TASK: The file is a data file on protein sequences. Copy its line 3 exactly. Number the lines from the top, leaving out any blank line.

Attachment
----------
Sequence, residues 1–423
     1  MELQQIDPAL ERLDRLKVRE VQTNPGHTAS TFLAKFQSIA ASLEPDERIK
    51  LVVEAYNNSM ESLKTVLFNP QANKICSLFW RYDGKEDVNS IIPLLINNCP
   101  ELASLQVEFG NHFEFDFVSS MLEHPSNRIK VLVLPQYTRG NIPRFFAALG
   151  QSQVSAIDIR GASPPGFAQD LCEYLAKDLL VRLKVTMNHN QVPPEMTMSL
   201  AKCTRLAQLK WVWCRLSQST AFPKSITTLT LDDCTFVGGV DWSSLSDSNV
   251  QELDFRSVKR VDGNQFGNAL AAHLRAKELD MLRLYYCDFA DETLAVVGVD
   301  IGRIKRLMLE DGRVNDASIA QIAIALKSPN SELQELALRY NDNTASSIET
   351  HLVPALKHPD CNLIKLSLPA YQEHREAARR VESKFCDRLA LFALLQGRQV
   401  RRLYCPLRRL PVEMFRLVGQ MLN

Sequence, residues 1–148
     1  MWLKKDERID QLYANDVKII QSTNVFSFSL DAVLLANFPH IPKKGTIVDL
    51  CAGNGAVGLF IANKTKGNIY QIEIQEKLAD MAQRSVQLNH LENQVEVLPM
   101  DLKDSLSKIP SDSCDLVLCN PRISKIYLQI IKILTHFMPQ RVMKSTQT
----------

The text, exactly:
    51  LVVEAYNNSM ESLKTVLFNP QANKICSLFW RYDGKEDVNS IIPLLINNCP